Budget 2018 Opinion

Where is the Nudge Unit?

The government had promised to use the insights of behavioural economics to shape public policy. This budget revealed no signs of it.

As some of us might remember, in September 2016, it was announced with much fanfare that the government think tank NITI Aayog was going to set up a “Nudge Unit” on the lines of the Behavioural Insights Team in the UK. It was reported that NITI Aayog had tied up with the Bill & Melinda Gates Foundation (BMGF) to go about changing behaviours of people. The policies that were supposedly going to benefit from this nudge unit were the flagship programmes of the current government — Swachh Bharat Mission, Jan Dhan Yojana, Digital India, etc.

In delivering his Union Budget speech today, the Finance Minister has laid out the priorities of the Union Government for the next year. However, Mr Jaitley did not mention anywhere that this Government will spend any money and effort on incorporating behavioural insights into public policy.

It’s impossible to know whether NITI Aayog’s Nudge Unit has been set up and what it is working on. Neither the NITI Aayog website nor the BMGF website has any information that hints at setting up of such a unit. What is more, in February 2017, the Government had cut its ties with BMGF on a health mission due to an apparent conflict of interest. We do not know how that incident affected BMGF’s promise to fund the nudge unit.

If this nudge unit was indeed set up and made operational, then there is a moral argument in making the work of this department public. By keeping the work of the nudge unit under covers, critics’ suspicions will only be fuelled, and otherwise well-meaning nudges aimed at behavioural change would invite unnecessary scrutiny.

One of the biggest critiques of the nudge theory is that it is paternalistic and it takes away people’s freedoms. Critics lament that nudges are just a euphemism for otherwise coercive policies. However, as Richard Thaler and Cass Sunstein, the fathers of nudge theory, point out nudges don’t infringe on people’s freedom of choice, but rather only modify the way choices are presented to people. For instance, I’ve written previously about how this choice architecture should be used in case India decides to go ahead with Universal Basic Income.

If, however, the nudge unit was only an idea on paper, then the time is opportune for the Government to now invest in and give teeth to their intention of using behavioural insights. Some public policy outcomes can be drastically improved by targeting a change in the behaviour of people. Take for instance, Swachh Bharat Mission (SBM). While the Prime Minister himself said that SBM requires behavioural change on a large scale, the efforts of the mission have been directed mostly towards construction of toilets. Another example is the case of increasing tax compliance in the country. India could draw a leaf out of UK’s experiment with using insights from behavioural economics to get more people to pay their taxes on time. Similarly, as I had written here, if financial inclusion is to be brought about in true spirit, mere opening of accounts, through the Jan Dhan Yojana, is not going to be enough. It is imperative that an important policy geared towards empowering the poor takes into account the psychology of the poor.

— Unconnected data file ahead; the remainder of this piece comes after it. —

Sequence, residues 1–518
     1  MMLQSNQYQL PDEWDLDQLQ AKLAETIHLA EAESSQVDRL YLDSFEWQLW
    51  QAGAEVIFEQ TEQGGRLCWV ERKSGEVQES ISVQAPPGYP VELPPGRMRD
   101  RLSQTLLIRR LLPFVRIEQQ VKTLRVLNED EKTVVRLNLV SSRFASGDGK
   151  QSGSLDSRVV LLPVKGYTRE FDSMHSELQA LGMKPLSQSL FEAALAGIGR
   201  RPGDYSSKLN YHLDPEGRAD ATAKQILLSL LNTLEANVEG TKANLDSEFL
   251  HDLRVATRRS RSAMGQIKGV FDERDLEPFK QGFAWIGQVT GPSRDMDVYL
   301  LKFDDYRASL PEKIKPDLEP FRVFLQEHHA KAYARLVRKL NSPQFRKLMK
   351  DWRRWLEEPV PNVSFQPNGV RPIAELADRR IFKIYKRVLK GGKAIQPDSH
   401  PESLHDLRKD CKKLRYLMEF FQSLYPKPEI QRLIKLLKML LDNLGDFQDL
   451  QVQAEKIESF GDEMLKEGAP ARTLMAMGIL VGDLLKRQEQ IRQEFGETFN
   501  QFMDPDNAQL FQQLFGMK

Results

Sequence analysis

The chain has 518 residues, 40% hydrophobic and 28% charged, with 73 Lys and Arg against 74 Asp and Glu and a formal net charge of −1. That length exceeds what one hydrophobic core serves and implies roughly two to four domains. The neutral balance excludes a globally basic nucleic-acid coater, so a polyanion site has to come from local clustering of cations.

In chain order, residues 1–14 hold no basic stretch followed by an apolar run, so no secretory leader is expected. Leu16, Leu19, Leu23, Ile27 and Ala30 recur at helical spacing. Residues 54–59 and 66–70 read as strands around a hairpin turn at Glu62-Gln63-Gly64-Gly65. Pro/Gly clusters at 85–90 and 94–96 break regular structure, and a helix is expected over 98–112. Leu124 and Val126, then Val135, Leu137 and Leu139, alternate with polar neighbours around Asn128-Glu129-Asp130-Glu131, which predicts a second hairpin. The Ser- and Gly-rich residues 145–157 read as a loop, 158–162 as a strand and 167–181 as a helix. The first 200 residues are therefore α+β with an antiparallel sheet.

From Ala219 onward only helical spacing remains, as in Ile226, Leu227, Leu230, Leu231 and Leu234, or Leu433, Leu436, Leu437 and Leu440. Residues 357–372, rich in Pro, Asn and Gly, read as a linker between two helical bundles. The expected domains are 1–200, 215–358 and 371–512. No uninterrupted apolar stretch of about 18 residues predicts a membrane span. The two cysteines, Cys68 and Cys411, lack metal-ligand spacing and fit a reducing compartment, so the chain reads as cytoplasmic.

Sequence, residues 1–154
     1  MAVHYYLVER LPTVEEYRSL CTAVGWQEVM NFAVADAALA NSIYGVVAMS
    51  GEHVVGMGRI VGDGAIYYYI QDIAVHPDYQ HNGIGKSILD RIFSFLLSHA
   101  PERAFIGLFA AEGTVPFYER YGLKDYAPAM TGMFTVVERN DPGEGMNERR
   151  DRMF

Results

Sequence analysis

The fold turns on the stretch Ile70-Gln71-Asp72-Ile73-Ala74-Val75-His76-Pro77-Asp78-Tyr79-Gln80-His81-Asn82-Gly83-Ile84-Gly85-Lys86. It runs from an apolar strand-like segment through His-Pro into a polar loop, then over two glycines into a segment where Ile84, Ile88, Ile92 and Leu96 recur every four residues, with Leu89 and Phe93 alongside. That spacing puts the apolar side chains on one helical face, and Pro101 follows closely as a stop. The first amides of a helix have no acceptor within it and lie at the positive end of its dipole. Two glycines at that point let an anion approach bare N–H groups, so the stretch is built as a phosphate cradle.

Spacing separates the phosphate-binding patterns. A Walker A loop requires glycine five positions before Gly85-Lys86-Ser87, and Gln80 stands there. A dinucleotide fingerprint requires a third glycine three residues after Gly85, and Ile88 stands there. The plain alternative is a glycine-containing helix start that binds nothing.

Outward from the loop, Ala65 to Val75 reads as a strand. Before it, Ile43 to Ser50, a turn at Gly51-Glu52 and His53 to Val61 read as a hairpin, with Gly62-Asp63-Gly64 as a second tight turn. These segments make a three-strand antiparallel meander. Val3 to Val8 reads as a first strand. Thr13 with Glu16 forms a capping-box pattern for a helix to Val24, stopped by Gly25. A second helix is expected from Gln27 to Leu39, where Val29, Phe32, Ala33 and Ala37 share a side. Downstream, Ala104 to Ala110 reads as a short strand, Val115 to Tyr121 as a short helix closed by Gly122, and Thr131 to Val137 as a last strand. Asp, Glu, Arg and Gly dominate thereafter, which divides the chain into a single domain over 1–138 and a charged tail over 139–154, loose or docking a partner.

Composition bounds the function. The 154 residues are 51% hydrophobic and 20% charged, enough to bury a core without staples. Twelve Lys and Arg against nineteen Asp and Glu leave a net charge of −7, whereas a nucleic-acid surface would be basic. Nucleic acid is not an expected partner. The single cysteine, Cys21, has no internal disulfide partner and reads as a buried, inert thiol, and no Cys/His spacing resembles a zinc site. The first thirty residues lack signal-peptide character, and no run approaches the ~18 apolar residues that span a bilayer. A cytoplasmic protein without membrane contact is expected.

Unless policy interventions are designed to change behaviours, problems stemming from deep-rooted cultural and social norms will not be rooted out from our society. This is not to say that policies designed using behavioural insights will solve all problems or will even be effective in the Indian context. But, that is exactly what the Nudge Unit’s work would involve: identifying opportunities and implementing change in an Indian context.

As was clear from the budget speech today, India’s spending on social welfare programmes is not going to change significantly this year. To achieve maximum impact with the allocated spending, we must not fail to account for the biases and motivations of people.


Also hear: Episode 42 of The Seen and the Unseen, in which Nidhi Gupta speaks about behavioral economics and the importance of nudges.

About the author

Nidhi Gupta

Nidhi Gupta is Head, Post-Graduate Programmes at the Takshashila Institution. She is a graduate of the London School of Economics and Political Science. Her research interests lie in behavioural economics and in origins of public opinion.